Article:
Back in the 1960s when Hollywood was making a number of movies based on biblical stories, they came out with Orson Welles as King Saul in “David and Goliath.” I was a little kid when I saw this movie, but I remember identifying with little David who yes, played beautifully on his harp, and used his slingshot with divine accuracy. I also remember the monster Goliath – he was huge and ugly and represented the Philistines, our enemies. I cheered in my head and my heart for David to defeat the monster and he did, so that I could feel the good guys won and God was indeed on our side, the side of the Israelites.
Like any idealistic Jew, though not religious, I went to Israel to work on a kibbutz in the summer of 1971. I was in the south, near Eilat and the border with Jordan. Young and naïve, I was friendly with everyone I met — the Sabras of Israel, the Christians in Bethlehem, and Arabs in Gaza. In Gaza? Yes, I was there with a British fellow from the kibbutz who was picking up some cane furniture he had ordered. I wasn’t supposed to be there, of course, and when an Israeli army jeep spotted me, my friend was in big trouble. “Get her out of here immediately!” was the order he shouted. I guess it had something to do with my appearance and that there were no other women on the street at that time. Like I said, I was friendly with everyone – my parents did not raise me to hate, they raised me to love. The Israelis tried to make me feel guilty for not staying in Israel, but I kept saying, “I’m an American, my home is the U.S.A.” Still, I certainly supported Israel and every person I met there had lost someone, a family member or a friend in a war and I felt very sad for them and angry that they lived with the constant threat of attack. Continue reading When David Became Goliath: Lee-Alison Sibley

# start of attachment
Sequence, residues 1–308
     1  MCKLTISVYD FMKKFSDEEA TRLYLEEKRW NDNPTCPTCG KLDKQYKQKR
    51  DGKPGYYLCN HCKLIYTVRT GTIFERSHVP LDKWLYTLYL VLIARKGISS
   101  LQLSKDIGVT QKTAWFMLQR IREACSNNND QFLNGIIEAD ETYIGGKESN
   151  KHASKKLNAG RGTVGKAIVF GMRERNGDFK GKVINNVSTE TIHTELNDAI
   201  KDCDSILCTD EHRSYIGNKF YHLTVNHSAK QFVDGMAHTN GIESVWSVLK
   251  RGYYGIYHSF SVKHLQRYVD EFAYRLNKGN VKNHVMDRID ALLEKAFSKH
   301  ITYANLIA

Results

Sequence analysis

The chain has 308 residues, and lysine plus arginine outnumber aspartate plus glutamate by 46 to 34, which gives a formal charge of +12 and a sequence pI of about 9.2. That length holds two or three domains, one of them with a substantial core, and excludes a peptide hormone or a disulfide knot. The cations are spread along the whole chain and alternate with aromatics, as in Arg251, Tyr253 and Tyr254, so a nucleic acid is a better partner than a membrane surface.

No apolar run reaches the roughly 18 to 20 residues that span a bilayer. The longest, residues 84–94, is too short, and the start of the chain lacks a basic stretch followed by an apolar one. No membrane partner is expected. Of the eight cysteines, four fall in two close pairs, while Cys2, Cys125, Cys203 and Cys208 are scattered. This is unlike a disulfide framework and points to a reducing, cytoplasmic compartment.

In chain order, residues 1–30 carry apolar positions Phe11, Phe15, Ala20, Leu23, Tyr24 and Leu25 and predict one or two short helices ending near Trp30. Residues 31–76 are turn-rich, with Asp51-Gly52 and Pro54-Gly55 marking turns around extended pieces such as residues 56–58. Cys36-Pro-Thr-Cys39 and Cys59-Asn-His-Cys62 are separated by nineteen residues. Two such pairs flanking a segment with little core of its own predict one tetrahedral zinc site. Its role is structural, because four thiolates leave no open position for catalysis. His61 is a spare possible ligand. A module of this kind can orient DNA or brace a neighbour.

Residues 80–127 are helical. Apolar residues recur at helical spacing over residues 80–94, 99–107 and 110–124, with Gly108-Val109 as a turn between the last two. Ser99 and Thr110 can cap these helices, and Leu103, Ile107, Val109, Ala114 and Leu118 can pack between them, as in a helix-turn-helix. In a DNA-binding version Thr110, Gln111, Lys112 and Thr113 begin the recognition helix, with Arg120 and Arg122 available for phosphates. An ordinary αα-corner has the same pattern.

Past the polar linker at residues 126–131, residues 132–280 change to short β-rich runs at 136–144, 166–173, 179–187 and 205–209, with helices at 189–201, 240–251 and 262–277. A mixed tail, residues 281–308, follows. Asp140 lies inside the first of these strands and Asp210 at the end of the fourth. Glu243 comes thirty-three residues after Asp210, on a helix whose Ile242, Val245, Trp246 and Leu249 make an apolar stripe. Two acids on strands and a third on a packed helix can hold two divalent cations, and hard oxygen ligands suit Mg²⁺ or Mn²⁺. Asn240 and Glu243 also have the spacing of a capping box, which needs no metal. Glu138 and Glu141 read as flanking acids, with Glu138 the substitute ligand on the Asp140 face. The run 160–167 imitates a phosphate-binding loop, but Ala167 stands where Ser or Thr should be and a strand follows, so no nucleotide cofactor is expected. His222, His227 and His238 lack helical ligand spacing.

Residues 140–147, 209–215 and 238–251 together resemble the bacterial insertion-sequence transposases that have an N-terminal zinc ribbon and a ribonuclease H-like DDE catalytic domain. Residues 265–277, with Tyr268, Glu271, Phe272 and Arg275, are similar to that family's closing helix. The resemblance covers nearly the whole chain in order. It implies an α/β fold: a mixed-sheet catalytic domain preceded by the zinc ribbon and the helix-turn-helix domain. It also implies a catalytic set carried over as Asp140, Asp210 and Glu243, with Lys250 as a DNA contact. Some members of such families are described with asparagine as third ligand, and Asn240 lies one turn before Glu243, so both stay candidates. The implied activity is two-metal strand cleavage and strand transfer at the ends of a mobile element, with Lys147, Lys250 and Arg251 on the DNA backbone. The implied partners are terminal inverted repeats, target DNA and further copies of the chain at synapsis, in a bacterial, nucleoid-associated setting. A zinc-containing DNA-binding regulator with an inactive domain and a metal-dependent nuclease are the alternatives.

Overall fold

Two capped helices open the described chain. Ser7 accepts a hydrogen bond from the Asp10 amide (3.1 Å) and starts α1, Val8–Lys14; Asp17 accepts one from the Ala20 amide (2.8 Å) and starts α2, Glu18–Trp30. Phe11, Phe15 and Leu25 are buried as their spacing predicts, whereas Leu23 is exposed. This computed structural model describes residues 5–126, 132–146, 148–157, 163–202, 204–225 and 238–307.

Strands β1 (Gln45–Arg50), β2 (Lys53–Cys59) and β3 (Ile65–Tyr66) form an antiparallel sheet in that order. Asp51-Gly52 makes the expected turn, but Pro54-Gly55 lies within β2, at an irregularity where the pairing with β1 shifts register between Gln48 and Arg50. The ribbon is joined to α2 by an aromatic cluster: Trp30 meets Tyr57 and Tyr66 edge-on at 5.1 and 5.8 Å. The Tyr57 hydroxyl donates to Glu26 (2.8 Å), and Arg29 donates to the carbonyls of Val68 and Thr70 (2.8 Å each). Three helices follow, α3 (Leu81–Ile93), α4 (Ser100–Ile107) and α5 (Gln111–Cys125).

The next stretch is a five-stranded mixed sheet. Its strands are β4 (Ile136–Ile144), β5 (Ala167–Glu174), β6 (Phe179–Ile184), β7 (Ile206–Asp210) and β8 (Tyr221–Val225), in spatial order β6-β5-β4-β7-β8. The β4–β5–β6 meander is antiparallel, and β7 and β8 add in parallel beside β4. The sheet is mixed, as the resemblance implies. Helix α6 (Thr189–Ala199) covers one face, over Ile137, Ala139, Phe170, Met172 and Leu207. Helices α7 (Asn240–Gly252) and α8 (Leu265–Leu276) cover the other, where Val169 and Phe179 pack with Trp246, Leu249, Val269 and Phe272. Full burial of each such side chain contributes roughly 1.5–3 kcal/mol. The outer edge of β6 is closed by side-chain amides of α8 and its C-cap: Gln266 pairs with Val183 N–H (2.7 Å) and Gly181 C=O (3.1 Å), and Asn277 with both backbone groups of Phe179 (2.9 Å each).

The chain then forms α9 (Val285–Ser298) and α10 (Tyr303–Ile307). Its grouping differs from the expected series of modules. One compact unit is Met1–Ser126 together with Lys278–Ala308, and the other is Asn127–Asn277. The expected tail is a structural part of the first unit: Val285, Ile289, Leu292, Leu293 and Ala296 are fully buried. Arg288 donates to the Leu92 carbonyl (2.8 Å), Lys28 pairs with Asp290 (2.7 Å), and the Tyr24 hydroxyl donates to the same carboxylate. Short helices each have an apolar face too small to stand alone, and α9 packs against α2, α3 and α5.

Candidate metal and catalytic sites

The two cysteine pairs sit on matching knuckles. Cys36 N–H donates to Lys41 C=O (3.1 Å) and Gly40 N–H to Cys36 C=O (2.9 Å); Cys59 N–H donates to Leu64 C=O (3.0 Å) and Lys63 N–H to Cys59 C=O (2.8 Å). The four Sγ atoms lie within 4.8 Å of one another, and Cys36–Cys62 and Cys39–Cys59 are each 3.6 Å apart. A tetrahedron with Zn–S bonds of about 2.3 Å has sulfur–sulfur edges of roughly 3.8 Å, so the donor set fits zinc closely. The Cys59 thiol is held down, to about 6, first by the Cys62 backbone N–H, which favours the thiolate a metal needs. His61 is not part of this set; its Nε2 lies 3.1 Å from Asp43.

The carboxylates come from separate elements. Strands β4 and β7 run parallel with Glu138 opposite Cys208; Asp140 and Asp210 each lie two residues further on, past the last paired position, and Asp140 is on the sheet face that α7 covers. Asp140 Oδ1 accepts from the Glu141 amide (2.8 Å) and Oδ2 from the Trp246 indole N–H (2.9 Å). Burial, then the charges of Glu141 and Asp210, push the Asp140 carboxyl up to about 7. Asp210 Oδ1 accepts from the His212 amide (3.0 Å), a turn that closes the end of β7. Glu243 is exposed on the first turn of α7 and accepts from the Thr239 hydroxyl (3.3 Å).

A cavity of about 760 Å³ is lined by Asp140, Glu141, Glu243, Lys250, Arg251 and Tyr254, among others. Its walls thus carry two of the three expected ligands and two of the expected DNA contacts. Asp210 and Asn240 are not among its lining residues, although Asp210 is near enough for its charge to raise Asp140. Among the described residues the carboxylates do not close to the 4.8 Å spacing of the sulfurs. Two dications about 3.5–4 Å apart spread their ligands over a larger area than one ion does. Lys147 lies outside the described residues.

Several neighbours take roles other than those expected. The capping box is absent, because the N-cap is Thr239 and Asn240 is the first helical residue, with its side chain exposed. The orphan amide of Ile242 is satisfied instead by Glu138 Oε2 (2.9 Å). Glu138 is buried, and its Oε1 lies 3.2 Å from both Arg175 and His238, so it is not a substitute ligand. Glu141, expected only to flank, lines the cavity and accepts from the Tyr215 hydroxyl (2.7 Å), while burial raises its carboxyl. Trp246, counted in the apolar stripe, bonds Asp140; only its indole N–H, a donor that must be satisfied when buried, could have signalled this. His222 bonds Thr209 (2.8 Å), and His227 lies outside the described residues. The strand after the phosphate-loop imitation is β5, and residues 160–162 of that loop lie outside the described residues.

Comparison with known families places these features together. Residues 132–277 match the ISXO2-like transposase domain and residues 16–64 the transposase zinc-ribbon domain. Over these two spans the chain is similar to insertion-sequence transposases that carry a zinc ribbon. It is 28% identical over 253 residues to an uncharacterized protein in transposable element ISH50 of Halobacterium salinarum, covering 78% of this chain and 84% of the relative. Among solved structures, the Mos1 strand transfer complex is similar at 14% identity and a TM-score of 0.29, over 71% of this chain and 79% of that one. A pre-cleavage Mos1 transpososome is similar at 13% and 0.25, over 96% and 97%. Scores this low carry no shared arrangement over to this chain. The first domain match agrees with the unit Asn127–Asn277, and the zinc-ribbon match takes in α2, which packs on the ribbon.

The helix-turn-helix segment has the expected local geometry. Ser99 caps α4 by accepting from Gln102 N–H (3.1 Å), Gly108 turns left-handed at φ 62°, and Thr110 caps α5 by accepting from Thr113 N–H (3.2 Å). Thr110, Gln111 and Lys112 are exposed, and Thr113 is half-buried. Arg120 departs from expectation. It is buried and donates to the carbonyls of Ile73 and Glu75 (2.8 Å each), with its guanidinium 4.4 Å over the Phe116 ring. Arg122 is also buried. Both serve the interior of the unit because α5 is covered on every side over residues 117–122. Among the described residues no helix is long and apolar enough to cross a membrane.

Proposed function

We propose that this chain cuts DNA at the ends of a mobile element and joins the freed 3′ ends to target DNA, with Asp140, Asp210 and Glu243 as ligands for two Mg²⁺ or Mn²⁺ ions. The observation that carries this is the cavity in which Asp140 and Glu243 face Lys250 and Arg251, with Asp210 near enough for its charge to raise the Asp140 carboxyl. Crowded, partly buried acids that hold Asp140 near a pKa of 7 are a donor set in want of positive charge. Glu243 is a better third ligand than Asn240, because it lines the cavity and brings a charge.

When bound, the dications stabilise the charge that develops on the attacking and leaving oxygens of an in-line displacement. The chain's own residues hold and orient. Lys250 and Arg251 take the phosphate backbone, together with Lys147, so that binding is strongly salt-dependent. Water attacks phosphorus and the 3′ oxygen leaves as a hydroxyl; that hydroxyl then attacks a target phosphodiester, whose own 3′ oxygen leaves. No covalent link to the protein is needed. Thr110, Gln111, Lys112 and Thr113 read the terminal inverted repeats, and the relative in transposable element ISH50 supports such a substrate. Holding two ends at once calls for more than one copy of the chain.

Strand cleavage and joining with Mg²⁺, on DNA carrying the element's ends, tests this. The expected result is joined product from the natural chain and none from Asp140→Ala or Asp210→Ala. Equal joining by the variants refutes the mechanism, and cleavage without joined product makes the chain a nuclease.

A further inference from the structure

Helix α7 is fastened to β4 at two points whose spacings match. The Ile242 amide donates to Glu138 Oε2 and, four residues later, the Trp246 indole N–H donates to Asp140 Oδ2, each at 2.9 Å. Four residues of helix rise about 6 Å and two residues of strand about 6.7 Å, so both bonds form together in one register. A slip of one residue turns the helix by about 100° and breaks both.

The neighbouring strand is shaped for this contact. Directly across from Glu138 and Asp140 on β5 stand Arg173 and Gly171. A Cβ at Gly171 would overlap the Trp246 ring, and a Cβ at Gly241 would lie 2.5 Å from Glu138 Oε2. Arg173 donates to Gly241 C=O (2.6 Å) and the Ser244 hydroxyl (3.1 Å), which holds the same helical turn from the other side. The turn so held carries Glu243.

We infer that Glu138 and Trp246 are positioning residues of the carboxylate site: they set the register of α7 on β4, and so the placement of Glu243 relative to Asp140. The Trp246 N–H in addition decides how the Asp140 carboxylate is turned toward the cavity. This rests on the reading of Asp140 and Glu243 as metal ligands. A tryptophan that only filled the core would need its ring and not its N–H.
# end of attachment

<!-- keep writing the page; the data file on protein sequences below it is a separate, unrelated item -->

स्तब्धता क्या हमेशा भाषा के लोप या उसकी असमर्थता की अवस्था है? ऐसे अवसर होते हैं जब स्तब्धता अपने आप में भाषिक प्रतिकार या भर्त्सना बन जाती है.अगर चीखना एक छोर है भाषा-व्यवहार का, तो खामोश हो जाना दूसरा छोर. यह भी होता है चीख इतनी तेज़ हो और इतनी तीव्र कि साधारण श्रवण-क्षमता के बाहर हो जाए.
जिसे चुप्पी कहा जाता है, वह कुछ मौकों पर एकतरफा और कई बार दोतरफा फैसले का नतीजा होती है. खामोशी,मौन या स्तब्धता प्रायः इस बात का सूचक होती है कि भाषा के लिए जिस सामाजिक पर्यावरण की व्याप्तता को सहज माना जाता है,वह छिन्न-भिन्न हो गया है.यह नहीं कि बोलने को कुछ नहीं है, लेकिन बोलने वाला जान चुका होता है उसका बोलना व्यर्थ है क्योंकि उसे सुनने की पात्रता सामने का पक्ष खो बैठा है. Continue reading स्तब्धता और खामोशी